Tuesday, March 9, 2021

My Experience at AEON Initial Training

Note: This was written in July 2017 right after my initial training. I'm posting it now, in 2021, because I no longer work at AEON. I'm leaving it as is to show you what I thought at the time.

You won't be reading this post until after my time at AEON has come to a close. Because of that, I can't guarantee that anything in this post will accurately reflect your own training if you come to work at AEON. This is even more true as I have been given the impression already that there can be a number of differences in training between regions. (I was in the Seibu region for reference.) That being said, I know I was anxious before I arrived in Japan, so I hope I can provide some information to set you at ease if you're going to work for AEON and are nervous about what to expect.

Friday: Arrival in Japan

I arrived at Kansai International Airport on a Friday. (Note in March 2021: For some reason I didn't write about this, but to my recollection, I received my residence card while going through immigration at the airport as well, so that picture, which was taken right after getting off multiple international flights, was on my first residence card that lasted for three years, so be warned of that.)

After making it through immigration and customs, I had around a half hour to walk around the airport before an AEON staff member arrived to pick us up. He was friendly and immediately helped me ship my luggage to my branch school (as only my carry on would be going with me to training in Okayama).

Two other trainees arrived at the airport that day, but both were going to different regions from me. Because of this, the AEON staff member was going with them while I was given a ticket, taken to the train, and put on it by myself. After days of flying, I was exhausted but determined to stay awake for the entire trip out of fear that I would miss my stop.

When I got off that train, another AEON employee was waiting to get me from the regular train to the bullet train. It was on the bullet train that I really had to struggle against sleep. I think that I dozed of once or twice (which was much easier to do on the train than it had been the plane for some reason), but luckily, I didn't miss my stop, and I was greeted by one of the trainers at the station.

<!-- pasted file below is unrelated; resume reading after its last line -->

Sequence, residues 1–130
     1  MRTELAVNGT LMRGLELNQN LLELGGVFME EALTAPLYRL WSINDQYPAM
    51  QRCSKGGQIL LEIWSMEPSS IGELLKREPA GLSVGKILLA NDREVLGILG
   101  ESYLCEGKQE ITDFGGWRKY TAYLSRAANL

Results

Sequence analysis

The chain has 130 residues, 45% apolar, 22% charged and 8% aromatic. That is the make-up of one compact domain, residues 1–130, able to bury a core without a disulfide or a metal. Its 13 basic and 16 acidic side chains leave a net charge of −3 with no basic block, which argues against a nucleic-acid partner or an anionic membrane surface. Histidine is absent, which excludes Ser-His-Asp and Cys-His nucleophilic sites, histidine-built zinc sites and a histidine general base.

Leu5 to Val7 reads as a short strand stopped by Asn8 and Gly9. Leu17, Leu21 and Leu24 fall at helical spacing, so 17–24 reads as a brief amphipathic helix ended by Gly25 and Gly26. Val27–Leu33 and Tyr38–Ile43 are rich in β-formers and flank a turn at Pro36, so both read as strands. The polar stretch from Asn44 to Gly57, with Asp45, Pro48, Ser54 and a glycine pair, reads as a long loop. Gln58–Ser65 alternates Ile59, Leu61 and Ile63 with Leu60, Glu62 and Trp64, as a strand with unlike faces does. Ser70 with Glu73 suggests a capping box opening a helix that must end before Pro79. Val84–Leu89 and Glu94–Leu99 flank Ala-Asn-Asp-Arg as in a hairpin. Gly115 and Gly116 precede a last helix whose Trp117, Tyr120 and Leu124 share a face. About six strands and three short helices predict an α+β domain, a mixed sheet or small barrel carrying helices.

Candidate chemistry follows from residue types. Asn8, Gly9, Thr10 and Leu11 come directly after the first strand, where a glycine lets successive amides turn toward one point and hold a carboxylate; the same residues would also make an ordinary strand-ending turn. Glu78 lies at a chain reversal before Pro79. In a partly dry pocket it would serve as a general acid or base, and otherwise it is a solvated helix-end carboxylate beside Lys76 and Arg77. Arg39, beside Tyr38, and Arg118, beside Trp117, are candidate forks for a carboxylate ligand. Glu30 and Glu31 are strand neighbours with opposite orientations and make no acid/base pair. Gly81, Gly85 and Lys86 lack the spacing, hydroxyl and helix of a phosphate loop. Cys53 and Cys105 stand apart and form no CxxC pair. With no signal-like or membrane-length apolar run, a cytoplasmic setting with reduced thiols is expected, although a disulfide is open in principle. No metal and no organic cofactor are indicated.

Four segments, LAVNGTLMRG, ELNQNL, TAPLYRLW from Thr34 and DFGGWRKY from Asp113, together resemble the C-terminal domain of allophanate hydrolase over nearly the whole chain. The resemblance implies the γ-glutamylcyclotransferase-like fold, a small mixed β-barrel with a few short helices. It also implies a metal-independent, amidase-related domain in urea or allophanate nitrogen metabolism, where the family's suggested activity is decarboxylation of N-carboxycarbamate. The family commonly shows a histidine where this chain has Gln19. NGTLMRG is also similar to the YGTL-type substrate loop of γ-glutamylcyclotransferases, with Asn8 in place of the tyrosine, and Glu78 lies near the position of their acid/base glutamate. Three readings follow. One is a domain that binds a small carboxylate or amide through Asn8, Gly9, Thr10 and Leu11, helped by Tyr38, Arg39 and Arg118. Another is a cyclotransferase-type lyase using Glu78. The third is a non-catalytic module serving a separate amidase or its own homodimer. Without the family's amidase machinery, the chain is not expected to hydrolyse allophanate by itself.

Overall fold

We met the one other trainee in my training group at the station as well, and we were taken back to the dormitories, which occupied a building around the corner from the training center itself.

We each had our own bedroom. (If there'd been more trainees, we'd have had roommates. There were two beds in each room.) There was a common room with a kitchen, ironing board, etc. There was also a washer and even a dryer (rare for Japan), though we were also given racks to air dry our clothes in our rooms.

Enough about the living conditions though, onto the training itself:

We had two trainers, and since there were only two of us trainees, there's a lot of focus on you individually. Both of our trainers were nice. (I've already heard some things about trainers in other regions not being as nice, so I'm thankful for that.)

Saturday: First Day of Training

On the Saturday after we arrived, our training lasted from 10 AM to 1 PM. After that, one of the trainers took us to lunch, with AEON footing the bill. After lunch, he gave us a bit of a tour of the area and then left us on our own. (We ended up walking to the castle, which was a sweaty experience to say the least, but the rain held off, so we were lucky in that sense.)

The Rest of Training

Sunday was a day off, but Monday was the only other day where we began at 10 AM. (Every day after we would being at 11 AM.) Each day lasted until 7 except for when we taught our lessons, which would go until 8 with feedback from the trainers afterward.

Each day was packed; there's no denying that. We had to learn a lot, including the entire structure of AEON's lessons which we then had to teach to students the next day. Without a doubt, make sure you are prepared to do reading every night and practice, practice, practice your lessons. You will, without a doubt, screw up. They don't actually expect you to have everything down 100% after having learned the lesson structure the day before (at least, our trainers didn't), but they are looking to see that your trying and that you are responding to what they tell you. (If, in practice, a trainer tells you that you need to start doing something, you should keep that in mind the next time you're teaching.)

I don't want to make it sound entirely daunting though. I also had a good time. Overall, it was a fun atmosphere, not an intimidating or scary one. (We did meet with the president of the company over Skype one day though, and that was a bit intimidating to say the least, though he was very nice.)

There's no way I could go through everything we covered in the training here, and I couldn't anyway as a lot of stuff about AEON's particular style of teaching is owned by them and isn't something I'm legally allowed to share. I will say, though, that it would have been nice to been given the lesson structure prior to training in order to prepare myself a bit. It might have lessened some of the pressure going into training. I, like many others, felt that I should have the lesson format memorized as soon as the next day (when you teach your first lesson), and while they're looking more for a good attempt at following the structure, I would have been more at ease if I'd had more time to prepare on my own somehow.

That being said, I enjoyed my training experience overall despite how tiring it was by the time it came to an end. I was lucky to have a great fellow trainee and also great trainers. If you're planning to join AEON, then I hope that you manage to have as great of a training experience as I did.

No comments:

Post a Comment